Different fabrication techniques of ceramics


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  • controlled crystallization formation of tiny crystals that are evenly distributed throughout the body of the glass structure enhancing its mechanical properties.
  • Highly esthetic: as mica crystals that constitute the crystal phase closely match the index of refraction to the surrounding glass phase.
    chameleon effect is seen restoration acquires a part of the color from adjacent teeth and fillings as well as the underlying cement lute.
  • 2w78
  • Different fabrication techniques of ceramics

    1. 1. Different fabrication techniques of ceramics Machinable ceramics Conventional powder/slurry technique Infiltrated ceramics Pressable ceramics Castable ceramics By RADWA EL-DESSOUKY
    2. 2. 1.Conventional powder /slurry technique
    3. 3. 1.Conventional powder /slurry technique: It is the traditional method of forming ceramic prosthesis and consists of the following steps: 1.compounding 2.packing 3.Preheating 4.sintering 5.Surface treatments 6. Porcelain cooling 3
    4. 4. I. Compounding: 4
    5. 5. 2. Packing or condensation: The process of bringing the particles closer and of removing the liquid binder is known as condensation. Dense packing has the following benefits: Improves substructure of the porcelain & dispense trapped air (Less porosity) increase density Less shrinkage during firing Enhanced surface texture and strength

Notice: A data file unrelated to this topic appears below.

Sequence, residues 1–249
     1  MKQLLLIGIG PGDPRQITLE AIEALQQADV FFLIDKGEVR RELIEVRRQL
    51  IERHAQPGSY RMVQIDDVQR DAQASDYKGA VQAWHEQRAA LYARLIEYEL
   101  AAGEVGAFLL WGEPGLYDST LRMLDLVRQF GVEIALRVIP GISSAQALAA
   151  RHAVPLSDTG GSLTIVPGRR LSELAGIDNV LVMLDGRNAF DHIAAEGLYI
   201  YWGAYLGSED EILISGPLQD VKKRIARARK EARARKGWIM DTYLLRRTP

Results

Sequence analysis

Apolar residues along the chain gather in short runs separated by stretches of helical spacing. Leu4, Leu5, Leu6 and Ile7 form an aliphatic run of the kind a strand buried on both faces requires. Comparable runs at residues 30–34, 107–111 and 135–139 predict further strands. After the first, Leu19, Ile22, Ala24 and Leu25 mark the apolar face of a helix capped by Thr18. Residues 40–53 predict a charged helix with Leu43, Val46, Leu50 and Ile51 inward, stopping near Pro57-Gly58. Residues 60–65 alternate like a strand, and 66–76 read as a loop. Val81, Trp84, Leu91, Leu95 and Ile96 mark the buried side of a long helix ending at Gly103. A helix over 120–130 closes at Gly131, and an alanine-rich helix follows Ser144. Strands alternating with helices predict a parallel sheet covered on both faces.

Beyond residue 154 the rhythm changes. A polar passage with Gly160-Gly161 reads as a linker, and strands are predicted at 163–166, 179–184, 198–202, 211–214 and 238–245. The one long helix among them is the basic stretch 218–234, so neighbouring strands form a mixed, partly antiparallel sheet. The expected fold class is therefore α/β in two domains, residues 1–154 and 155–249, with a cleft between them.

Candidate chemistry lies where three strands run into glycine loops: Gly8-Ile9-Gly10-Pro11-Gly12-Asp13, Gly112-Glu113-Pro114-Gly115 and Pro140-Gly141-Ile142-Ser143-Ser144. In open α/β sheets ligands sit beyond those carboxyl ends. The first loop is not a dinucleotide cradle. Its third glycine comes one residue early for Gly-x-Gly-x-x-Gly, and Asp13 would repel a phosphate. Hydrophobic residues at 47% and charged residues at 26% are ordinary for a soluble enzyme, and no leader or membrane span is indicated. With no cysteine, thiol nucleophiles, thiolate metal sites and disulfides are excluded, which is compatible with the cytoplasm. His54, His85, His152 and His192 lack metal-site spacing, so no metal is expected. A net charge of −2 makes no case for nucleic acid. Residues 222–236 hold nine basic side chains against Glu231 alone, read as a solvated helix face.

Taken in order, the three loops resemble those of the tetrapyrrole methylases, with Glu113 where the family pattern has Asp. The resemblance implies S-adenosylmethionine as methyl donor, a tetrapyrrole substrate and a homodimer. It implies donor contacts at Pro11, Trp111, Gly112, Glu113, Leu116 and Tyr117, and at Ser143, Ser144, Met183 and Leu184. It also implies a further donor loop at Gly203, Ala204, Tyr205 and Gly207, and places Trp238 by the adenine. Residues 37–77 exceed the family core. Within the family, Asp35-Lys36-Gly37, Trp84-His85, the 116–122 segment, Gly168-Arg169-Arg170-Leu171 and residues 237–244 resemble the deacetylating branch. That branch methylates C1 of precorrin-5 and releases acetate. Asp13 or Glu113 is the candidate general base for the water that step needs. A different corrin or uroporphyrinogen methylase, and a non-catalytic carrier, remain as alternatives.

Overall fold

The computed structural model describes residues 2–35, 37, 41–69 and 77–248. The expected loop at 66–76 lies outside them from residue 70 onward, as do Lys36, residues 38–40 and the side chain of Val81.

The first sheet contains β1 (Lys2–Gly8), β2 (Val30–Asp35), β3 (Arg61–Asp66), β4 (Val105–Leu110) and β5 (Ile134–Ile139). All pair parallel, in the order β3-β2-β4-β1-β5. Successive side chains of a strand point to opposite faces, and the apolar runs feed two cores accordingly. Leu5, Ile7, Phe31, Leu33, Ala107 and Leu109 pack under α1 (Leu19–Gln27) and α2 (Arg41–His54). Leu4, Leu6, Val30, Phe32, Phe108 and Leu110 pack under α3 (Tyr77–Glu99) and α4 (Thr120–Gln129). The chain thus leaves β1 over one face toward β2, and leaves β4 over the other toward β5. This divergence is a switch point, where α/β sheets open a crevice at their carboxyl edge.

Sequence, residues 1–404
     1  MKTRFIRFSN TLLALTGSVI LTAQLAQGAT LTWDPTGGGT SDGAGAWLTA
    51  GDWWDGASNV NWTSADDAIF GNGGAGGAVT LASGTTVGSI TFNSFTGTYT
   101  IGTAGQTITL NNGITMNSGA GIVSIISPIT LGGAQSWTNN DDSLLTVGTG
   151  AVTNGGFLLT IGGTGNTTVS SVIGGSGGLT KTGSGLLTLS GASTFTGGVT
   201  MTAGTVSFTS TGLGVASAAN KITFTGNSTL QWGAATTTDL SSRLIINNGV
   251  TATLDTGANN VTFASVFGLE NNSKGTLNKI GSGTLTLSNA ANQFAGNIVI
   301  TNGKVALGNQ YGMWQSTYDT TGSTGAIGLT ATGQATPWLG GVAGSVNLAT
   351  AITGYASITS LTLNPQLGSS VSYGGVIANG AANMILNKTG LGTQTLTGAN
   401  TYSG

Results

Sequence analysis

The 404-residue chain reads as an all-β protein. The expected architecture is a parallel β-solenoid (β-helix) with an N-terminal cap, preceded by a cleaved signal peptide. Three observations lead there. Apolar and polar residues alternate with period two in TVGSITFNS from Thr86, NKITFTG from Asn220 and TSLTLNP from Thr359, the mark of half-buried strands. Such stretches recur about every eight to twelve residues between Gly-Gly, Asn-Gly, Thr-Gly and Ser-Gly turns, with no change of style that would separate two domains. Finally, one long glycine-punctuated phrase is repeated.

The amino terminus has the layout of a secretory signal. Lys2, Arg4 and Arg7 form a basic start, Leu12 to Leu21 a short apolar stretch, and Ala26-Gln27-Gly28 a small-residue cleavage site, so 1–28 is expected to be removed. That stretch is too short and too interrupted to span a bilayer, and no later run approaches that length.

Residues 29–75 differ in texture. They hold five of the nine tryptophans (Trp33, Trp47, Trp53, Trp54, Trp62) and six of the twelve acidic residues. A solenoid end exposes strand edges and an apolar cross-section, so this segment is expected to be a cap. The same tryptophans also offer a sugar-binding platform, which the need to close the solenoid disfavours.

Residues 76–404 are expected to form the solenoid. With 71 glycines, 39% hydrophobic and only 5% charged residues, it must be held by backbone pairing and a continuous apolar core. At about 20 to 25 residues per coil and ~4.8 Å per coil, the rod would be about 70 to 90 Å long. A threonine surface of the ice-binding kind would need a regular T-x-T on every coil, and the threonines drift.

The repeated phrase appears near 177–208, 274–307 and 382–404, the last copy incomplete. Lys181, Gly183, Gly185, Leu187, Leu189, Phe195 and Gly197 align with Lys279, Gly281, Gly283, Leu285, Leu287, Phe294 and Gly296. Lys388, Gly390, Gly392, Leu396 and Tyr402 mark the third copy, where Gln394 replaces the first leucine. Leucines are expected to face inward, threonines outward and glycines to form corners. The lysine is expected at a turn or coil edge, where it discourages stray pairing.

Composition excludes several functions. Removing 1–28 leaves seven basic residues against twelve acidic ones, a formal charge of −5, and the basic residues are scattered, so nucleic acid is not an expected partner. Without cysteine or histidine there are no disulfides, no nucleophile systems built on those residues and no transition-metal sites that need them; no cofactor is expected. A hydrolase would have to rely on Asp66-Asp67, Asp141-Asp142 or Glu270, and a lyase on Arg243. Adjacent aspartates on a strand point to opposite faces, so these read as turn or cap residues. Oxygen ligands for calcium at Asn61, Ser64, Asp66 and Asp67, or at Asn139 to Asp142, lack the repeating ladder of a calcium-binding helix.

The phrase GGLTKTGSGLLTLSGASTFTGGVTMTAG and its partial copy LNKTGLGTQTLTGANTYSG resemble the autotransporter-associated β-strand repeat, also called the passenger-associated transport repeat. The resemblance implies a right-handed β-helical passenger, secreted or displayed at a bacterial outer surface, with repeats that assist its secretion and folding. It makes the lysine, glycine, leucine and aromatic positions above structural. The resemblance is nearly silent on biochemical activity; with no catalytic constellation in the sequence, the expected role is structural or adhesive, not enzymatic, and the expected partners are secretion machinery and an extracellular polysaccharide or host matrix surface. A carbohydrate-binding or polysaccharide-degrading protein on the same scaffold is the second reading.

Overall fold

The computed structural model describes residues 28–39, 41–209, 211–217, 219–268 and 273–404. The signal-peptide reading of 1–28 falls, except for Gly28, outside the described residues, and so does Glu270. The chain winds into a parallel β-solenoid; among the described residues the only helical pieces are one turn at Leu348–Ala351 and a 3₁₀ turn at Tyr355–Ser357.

6. 6. •Condensation steps: I. Build-up of Cervical Porcelain II. Build-up of Body Porcelain III. Cut-back IV. Build-up of Enamel Porcelain
    7. 7. •Condensation methods: 1-MANUAL CONDENSATION 2.ULTRASONIC CONDENSATION 7
    8. 8. •Advantages of ultrasonic condensation: •Reduces the fluid content of layered ceramics; resulting in denser and more vibrant porcelain mass. •Enhances translucency and the shade qualities of the fired ceramic. •Shrinkage can be reduced to below 5%! •Time-saving as it reduces the number of compensatory firing cycles 8
    9. 9. 3.Pre-heating (Drying): placing the porcelain object on a tray in front of a preheated furnace at 650C for 5min for low fusing porcelain and at 480C for 8min for high fusing porcelains till reaching the green or leathery state. 9
    10. 10. •Significance of pre-heating stage: •Removal of excess water allowing the porcelain object to gain its green strength. •Preventing sudden production of steam that could result in voids or fractures. 10 Ceramic particles held together in the “green state” after all liquid has been dried off